Strong loan growth fuels profit rise at TSB Bank

 

A FALL in the cost of the funds lent on to customers and good growth in fee income enhanced pre tax profits at TSB Bank by 12.5 per cent to £20.04 million for the year to October 31st, 1996.

With the stimulus of a healthy economy, the bank achieved strong loan growth and stable margins on its core deposit and lending business. A fall in the provision for bad debts also assisted the figures.

Despite the rise in pretax profits, post tax earnings slipped to £12.8 million from £13.8 million because of a higher effective tax charge. TSB became liable for corporation tax at the full rate from April 1996, having been gradually eased into the tax net since 1993. Its effective tax rate jumped to 36.3 per cent from 22.3 per cent in 1995.

The bank reported loan growth of 20.6 per cent, bringing total loans outstanding to £728 million. Mortgage advances rose by 23 per cent and the bank now has more than 5 per cent of the residential mortgage market, according to its chief executive, Mr Harry Lorton.

Current accounts increased by about 23 per cent, boosted by reciprocal arrangements with other banks on the use of ATM networks - TSB customers will have access to 800 ATMs by the end of March. Lending to personal customers and small and medium sized businesses, including farmers, showed good growth, he said.

With the bank still "relatively underlent" compared with its competitors - TSB has funds with the Minister for Finance and in Government bonds which are available for lending to customers - there is considerable potential for increasing its share of the mortgage and other markets, according to Mr Lorton.

However, with a "competitive" lending market and low interest, rates, interest earned on loans rose by only 0.46 per cent to £96.2 million.

The bank's results reflected the lower cost of the funds it lends on to customers. Funding from customer deposits increased by 5.3 per cent to £1.27 billion, while interest paid for all funds was 4.4 per cent lower at £39.6 million. This was created by strong growth in lower cost current account balances, as well as lower interest rates.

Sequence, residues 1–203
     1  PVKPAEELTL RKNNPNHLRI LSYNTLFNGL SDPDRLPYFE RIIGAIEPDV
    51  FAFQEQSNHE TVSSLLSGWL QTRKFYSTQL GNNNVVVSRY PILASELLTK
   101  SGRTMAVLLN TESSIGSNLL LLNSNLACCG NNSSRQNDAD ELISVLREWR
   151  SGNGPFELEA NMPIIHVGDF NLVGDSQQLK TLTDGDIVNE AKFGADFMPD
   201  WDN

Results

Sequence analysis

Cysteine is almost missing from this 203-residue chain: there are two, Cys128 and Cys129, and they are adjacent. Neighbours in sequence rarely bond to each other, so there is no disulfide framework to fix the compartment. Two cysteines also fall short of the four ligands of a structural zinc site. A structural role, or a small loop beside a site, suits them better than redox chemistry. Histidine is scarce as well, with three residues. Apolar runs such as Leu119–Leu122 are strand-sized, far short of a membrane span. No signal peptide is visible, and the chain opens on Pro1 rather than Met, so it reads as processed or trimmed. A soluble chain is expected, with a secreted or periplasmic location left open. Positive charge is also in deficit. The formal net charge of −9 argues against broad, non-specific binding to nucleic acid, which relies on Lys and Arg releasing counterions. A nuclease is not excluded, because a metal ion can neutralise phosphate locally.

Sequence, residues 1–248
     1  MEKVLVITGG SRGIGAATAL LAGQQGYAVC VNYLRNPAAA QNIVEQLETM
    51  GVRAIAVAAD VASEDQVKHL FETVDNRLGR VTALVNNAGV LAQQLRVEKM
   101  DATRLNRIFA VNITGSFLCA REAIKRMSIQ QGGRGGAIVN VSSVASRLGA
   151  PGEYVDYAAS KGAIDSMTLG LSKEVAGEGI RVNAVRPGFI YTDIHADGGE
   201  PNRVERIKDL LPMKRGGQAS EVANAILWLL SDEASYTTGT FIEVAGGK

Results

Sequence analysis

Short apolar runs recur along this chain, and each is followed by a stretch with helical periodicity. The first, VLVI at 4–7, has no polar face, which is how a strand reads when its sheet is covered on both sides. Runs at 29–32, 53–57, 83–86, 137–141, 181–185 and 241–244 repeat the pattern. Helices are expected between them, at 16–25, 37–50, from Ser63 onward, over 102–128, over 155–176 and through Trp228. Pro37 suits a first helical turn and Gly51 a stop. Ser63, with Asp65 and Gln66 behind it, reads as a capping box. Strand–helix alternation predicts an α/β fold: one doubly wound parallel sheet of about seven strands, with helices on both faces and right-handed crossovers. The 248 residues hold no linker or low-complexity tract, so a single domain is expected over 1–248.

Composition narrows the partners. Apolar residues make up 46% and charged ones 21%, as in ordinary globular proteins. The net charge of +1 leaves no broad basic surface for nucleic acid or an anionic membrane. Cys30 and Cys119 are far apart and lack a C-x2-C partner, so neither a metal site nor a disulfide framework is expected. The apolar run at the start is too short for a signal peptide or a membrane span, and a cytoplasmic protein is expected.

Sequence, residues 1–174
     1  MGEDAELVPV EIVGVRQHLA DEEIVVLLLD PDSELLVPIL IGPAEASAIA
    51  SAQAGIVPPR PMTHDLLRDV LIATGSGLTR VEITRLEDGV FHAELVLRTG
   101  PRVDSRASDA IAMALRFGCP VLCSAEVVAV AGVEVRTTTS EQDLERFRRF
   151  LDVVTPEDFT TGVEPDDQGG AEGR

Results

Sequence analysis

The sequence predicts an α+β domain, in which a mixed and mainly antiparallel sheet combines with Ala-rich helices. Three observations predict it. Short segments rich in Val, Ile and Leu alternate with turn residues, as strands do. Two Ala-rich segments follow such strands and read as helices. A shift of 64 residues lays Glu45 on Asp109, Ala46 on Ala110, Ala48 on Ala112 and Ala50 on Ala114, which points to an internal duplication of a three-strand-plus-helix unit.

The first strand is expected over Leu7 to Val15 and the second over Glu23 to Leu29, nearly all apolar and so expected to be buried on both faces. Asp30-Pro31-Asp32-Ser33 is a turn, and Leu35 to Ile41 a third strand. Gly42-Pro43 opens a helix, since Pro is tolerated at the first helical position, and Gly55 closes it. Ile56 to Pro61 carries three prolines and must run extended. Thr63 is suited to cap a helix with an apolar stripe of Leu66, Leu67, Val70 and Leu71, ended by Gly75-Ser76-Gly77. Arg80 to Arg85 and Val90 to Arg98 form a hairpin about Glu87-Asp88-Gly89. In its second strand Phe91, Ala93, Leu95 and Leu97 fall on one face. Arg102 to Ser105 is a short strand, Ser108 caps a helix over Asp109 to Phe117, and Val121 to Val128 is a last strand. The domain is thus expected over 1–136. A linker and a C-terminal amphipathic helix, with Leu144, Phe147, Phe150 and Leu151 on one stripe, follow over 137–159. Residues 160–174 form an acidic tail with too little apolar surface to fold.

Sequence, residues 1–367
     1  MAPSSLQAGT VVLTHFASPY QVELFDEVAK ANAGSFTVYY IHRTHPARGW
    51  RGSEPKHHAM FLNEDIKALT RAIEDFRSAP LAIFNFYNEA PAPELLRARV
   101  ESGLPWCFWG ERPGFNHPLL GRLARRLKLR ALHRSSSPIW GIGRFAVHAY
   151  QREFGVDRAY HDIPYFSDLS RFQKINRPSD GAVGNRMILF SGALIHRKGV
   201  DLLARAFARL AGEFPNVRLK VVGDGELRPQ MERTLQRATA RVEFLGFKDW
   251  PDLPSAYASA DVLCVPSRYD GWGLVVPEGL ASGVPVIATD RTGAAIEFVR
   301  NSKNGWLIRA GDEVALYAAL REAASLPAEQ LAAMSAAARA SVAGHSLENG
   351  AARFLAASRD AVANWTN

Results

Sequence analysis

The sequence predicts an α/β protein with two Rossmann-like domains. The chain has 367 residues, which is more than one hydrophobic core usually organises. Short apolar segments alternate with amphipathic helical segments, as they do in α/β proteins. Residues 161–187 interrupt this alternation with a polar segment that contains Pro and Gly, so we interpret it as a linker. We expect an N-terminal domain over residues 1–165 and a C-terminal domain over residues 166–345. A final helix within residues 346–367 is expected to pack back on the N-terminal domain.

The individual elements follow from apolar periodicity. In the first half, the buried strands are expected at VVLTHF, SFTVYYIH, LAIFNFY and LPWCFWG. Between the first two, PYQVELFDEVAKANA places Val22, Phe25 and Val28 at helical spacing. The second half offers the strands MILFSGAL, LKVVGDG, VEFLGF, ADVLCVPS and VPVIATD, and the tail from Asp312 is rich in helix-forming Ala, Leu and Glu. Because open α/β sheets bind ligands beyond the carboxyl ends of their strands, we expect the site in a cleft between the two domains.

Net interest income was 4.2 per cent per cent higher at £56.6 million, with the net interest margin, virtually unchanged at 4.29 per cent.

The profit on lending and funding was boosted by more switching of funds from the National Treasury Management Agency to higher interest customer lending. Only about 15 per cent of funds remain with the NTMA, according to Mr Lorton.

Income from fees and commissions rose by 8.6 per cent to £14.6 million. The bank reported a 5.7 per cent rise in operating income to £72.3 million. On the costs side, administrative expenses were 4.4 per cent higher at £45.4 million, the depreciation charge was unchanged a million and the bad and doubtful debts charge was £0.26 million lower at £2.68 million.

The depreciation charge was unchanged, despite an increase in capital investment from £3.3 million to £6 million. Most of the investment last year was loaded towards the end of the year and involved no depreciation cost.

The lower bad debt charge reflected the "conservative nature of our lending and very good loan controls", according to Mr Lorton. The charge was down to 0.37 per cent of average loans from 0.49 per cent. Mr Lorton said he was very pleased with the quality of his loan book.

TSB managed to nudge down its cost/income ratio from 69.6 per cent to 68.6 per cent. "We would like it to be lower but we are a retail personal bank and on strict comparison with purely retail banks we are not out of line." Mr Lorton pointed out that because TSB is in a development phase, laying the foundations for future profits, its costs are going to be high.

TSB reported a surplus of £12.8 million after tax, bringing its year end surplus to £96.3 million. TSB had total assets of £1.4 billion at the end of October.